The Commonwealth Secretary-General, the Rt Hon Patricia Scotland QC, has called for countries to ramp up action to urgently address key challenges linked to climate change, ocean, land degradation and biodiversity loss.
The Secretary-General stated: “The connection between planet and people has never been starker than now, as we witness increasing evidence of how our own human actions and habits can impact our Earth’s life support systems so profoundly, whether on land, in the ocean or in the atmosphere.
“Every country within our Commonwealth family of nations has been adversely affected by the climate crisis but our small and other vulnerable nations are most at risk, with many already feeling the brunt of impacts as we speak. But, as I said at COP26, we must act boldly together to protect the only planet that we have. Lives and livelihoods across the Commonwealth literally depend on it.
“Climate change and ocean action is a central priority for me as Secretary-General. And as we look towards the upcoming Commonwealth Heads of Government Meeting in Rwanda this June, climate and ocean action will be prioritised on the leaders’ agenda.”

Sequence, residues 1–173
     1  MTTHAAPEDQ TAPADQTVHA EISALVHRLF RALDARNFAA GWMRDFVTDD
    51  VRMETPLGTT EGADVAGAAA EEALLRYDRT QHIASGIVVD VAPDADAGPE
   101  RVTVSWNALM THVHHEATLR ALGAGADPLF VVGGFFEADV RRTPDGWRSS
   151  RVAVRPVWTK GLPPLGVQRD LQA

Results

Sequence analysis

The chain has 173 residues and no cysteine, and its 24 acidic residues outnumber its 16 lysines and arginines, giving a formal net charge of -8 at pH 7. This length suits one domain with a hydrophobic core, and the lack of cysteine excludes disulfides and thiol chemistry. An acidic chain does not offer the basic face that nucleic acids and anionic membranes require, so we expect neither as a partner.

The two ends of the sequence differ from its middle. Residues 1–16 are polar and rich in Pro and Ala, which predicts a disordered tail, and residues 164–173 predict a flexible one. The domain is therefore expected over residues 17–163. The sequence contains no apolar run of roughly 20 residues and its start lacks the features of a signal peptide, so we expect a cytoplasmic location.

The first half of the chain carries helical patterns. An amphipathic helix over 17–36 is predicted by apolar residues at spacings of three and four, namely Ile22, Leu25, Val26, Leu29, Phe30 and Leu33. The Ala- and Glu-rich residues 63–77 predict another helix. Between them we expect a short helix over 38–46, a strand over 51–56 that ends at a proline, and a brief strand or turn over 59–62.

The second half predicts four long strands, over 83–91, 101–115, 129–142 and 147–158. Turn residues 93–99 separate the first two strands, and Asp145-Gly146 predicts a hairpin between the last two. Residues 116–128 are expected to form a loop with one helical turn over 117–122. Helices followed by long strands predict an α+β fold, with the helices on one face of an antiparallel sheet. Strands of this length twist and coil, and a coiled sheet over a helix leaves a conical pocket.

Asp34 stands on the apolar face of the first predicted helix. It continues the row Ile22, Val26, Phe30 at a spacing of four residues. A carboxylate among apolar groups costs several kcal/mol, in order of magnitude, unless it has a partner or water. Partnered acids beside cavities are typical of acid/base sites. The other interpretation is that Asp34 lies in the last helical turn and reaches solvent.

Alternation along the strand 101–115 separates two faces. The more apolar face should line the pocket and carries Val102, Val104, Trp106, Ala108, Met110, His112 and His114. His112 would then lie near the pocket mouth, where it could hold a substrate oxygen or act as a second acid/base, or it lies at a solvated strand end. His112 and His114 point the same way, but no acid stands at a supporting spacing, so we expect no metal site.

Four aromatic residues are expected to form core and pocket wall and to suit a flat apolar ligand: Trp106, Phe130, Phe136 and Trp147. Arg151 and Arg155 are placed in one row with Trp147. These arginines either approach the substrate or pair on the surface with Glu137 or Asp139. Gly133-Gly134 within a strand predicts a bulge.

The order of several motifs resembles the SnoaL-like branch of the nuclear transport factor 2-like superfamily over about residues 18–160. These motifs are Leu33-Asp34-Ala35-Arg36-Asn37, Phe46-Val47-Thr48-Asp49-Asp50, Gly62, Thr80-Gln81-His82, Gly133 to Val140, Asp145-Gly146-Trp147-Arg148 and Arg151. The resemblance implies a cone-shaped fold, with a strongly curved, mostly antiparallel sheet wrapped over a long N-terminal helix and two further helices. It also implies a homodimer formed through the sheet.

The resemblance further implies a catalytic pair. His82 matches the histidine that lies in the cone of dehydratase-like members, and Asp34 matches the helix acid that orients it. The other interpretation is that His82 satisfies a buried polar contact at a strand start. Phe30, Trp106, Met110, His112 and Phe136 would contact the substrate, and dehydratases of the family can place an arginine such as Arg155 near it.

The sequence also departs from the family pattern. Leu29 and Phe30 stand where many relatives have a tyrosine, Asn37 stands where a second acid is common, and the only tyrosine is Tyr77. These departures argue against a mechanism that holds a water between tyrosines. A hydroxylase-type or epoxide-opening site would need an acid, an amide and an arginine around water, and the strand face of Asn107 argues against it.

The Commonwealth Heads of Government Meeting (CHOGM) will take place in Kigali from 20 to 25 June, 2022. Among the key items for decision will be the adoption of the Commonwealth Living Lands Charter, which seeks to coordinate implementation of objectives agreed under the three Rio Conventions on climate change, biodiversity and desertification through sustainable land management and nature-based solutions. Also up for discussion will be an Action Fund to support ocean-focussed efforts of countries under the Commonwealth Blue Charter.
These initiatives follow on other flagship programmes supporting the environment, including the Commonwealth Climate Finance Access Hub, which helps small and other vulnerable countries access vital resources for climate adaptation and mitigation; the Commonwealth Blue Charter, an agreement by all 54 member countries to cooperatively address pressing ocean challenges; and the Commonwealth Sustainable Energy Transition Agenda, which seeks to fast-track an inclusive, just and equitable transition to low-carbon energy systems across the group.
The Secretary-General added: “Since Commonwealth leaders issued the Langkawi Declaration on the Environment in 1989, through to COP26 in Glasgow, we have remained committed to fostering a sustainable and climate resilient planet for all humanity. This important legacy continues through our programmes and our advocacy, designed to serve the 2.5 billion people who call the Commonwealth home, 60 percent of whom are under the age of 30.”